What I Did Last Summer
Sometimes it’s all about juxtapositions.
I was sitting on the courthouse steps the other day, musing on the three tractor trailer trucks parked in front. Big signs on them read, “Twentieth Century Fox.” Our region has apparently become a go-to place for filming with the new Superman movie being filmed about twenty miles south of here, a race car movie starring Dennis Quaid and Zack Efron being filmed about ten miles south of here, and then this one at the courthouse: an episode of the new TV series, “The Playboy Club.”
It was about six-thirty in the morning and the lawn was full of basket cranes with huge lights and a litter of electronic debris and cables all over the place. Very impressive, I thought, and very expensive.
Then I got the call.
It was my wife. She said her mother’s retirement home had called and said her mother had been unresponsive for her wake-up and so, fearing a stroke, they’d taken her to the hospital. By the time I got home my wife was dressed and ready to go. The hospital is not far and we were there in just a few minutes time.
For people of a certain age, by the way, this experience is not at all unusual, including the oddly-timed call.
I spent much of that medically-oriented day remembering that early morning scene at the courthouse and thinking about how quickly we go from fantasy to reality. From seeing myself schlepping down those steps all glorious and victorious (To Kill A Mockingbird came to mind), I found myself in an emergency room wondering if we’d remembered my mother-in-law’s Medicare card.
Given, too, that I’d just spent the past eight weeks helping my wife recover from back surgery I began to have a distinct preference for the fantasy.
It has been an odd medical summer. Along with my wife, we suffered a bad shoulder tear in a nephew that required extensive surgery to repair, the husband of a friend enduring prostate surgery, another friend breaking a leg, and yet another friend undergoing a mastectomy (a favorable prognosis, so far, the result.).
Hopes kept being raised, lowered, then raised again. It seemed like everyone we knew was undergoing lab tests, X-rays, CT scans, MRI’s – things scheduled, then completed, then the agonizing wait for results.
Loved ones and friends quickly become a part of these scenes, and of course everyone knows someone who knows someone who underwent …, who had the same …, who is now …, and so on. Most of the time those little stories are meant to buck up the afflicted, except that they almost always seem to have some kind of cranky ending. I have never, too, heard of someone speak of their surgeon without saying, “they say he’s one of the best in the country.”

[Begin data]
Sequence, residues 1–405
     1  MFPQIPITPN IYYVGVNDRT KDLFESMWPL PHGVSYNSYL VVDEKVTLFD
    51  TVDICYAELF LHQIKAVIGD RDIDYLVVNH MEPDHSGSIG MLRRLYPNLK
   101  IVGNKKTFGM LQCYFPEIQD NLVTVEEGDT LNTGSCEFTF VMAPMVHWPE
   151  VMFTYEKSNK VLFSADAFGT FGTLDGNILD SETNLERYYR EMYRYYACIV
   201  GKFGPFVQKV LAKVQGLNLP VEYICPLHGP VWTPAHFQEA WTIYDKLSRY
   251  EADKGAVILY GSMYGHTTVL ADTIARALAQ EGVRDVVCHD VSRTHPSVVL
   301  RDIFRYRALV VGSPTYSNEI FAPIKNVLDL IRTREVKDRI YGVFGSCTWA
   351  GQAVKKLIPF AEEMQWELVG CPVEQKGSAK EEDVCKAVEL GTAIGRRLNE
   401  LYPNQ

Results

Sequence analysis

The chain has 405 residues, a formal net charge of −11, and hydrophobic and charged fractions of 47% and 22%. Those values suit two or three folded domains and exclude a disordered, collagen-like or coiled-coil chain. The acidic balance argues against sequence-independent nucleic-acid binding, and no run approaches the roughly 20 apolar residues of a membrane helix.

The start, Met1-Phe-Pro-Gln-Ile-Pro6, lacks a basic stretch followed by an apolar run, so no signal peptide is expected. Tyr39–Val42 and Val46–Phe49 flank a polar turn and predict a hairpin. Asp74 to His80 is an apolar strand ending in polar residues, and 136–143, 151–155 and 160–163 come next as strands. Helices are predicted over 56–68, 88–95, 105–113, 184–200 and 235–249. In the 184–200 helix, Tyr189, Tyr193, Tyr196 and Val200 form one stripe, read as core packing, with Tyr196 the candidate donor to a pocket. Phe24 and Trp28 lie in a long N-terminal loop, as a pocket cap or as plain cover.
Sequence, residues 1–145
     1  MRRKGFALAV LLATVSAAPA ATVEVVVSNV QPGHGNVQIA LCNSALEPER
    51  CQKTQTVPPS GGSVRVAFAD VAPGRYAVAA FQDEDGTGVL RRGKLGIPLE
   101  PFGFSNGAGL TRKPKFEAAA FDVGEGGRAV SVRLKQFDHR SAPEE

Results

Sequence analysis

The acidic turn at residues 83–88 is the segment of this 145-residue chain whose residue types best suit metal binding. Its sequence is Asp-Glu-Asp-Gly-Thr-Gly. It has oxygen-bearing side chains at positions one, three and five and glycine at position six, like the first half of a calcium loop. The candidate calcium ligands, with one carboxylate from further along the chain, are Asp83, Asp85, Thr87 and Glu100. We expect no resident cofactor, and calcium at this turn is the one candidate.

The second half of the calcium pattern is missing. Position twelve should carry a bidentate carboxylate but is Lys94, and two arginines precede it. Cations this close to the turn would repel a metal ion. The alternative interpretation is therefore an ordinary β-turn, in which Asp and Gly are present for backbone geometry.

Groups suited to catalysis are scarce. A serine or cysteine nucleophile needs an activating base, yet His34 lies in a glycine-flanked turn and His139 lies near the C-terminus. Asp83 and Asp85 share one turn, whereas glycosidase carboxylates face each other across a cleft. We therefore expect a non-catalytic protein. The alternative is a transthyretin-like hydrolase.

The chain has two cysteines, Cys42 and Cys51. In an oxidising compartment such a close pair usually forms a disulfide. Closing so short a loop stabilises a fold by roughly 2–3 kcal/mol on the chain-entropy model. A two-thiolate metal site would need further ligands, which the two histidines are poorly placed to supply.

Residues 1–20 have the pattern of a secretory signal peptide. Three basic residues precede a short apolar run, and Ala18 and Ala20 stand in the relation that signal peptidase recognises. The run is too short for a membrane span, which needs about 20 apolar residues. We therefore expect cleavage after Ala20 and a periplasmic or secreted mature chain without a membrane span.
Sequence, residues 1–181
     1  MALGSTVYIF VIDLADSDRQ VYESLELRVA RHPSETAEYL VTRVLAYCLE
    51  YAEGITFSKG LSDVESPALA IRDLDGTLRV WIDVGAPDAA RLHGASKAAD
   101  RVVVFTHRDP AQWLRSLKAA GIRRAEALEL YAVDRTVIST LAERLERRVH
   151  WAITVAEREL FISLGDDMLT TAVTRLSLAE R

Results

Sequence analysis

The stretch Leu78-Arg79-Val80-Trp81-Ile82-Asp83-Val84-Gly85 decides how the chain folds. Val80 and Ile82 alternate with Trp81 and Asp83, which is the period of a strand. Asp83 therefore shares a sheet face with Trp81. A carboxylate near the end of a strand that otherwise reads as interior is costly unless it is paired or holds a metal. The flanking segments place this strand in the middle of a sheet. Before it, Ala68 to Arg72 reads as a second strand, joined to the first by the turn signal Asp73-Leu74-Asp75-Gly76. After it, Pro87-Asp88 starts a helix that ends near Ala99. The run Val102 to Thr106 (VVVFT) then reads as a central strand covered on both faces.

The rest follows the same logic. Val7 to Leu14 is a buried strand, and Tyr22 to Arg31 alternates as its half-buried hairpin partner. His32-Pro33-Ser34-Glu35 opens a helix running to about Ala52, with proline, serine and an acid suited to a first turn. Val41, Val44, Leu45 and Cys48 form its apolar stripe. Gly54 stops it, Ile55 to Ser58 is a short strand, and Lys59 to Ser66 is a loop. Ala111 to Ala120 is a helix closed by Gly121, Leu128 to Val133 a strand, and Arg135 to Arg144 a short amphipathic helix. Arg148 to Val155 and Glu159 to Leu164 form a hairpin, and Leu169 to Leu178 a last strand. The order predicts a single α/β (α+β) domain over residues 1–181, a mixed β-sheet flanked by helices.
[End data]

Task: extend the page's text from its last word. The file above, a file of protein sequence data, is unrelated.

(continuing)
My wife’s surgeon is one of the best in the country.
Anyway, my own experience this summer was mixed. Hospitals no longer look quite so much like the hospitals of my youth. Someone has let a decorator in the door. Rooms tend to look a bit homey. Lobbies with their snack bars and gift shops and ever-attentive volunteers make you feel more like you’re entering a mall than a hospital. A lullaby is played on the P.A. system when a baby is born. Nice touch.
My favorite sign in one area was this one: If you’ve waited more than twenty minutes, please see the manager.
Hospitals, of course, are large and highly complex places with a hugely varied menu of staff. Unfortunately, it’s very difficult to know the specific function of someone you’re dealing with. Name badges help, but at one point I assumed that people wearing scrubs were either doctors or nurses – until I got out of the way of a cleaning lady pushing her cart and wearing scrubs. Another time I was impressed by what looked like a surgical team wearing bright maroon scrubs, until I found out they were nursing students from a nearby community college.
I don’t know that nurses need to bring back the starched cap and white dress (awkward for male nurses), but I do find those pajama tops with cuddly animals on them that so many of them wear highly annoying. I feel uncomfortable having someone who looks like they just got out of bed checking the painkiller drip on my loved one’s machine.
Yes, I know about the threats of MRSA and other infectious agents, but it really seems a bit dehumanizing that absolutely no one will touch your ailing loved one without putting rubber gloves on.
Surprisingly (is nothing sacred?) the food in hospitals isn’t all that bad. For the visitor the cafeterias are set up almost like mall food courts with various choices from dinner entrees to pizza to salad bars. For the patient, the food is virtually on-demand: you select from a menu consistent with your ailment, call in your choice, and the food is delivered to your room a short time later.
One thing that puzzled me about hospitals is doctors. With the exception of my wife’s surgeon, I don’t think I ever actually saw one (well, there was that one distinguished-looking man standing in a nurse’s station eating a cup of noodles – he turned out to be a nurse). I think what happens is that hospitals advertise every physician who is permitted to practice in a given hospital and make it seem as though they are all staff doctors and that the place is crawling with physicians. The reality is that most of them are back in their offices and clinics and only show up to see specific patients (often at very strange hours).
Truthfully, I have no serious complaints about my immersion in the medical world this summer. Generally, care is required; care is given. Courtesy seems to be a staff mandate and is frequently expressed.
And, yes, as you may have noticed, I’ve said nothing about the expenses. That’s a whole ‘nother rant, er, essay.
By the way, my mother-in-law pulled out of her crisis, and the TV people moved on to their next venue.
Causes G.K. Wuori Supports
American Civil Liberties Union, The Authors Guild, Finnish North American Literature Association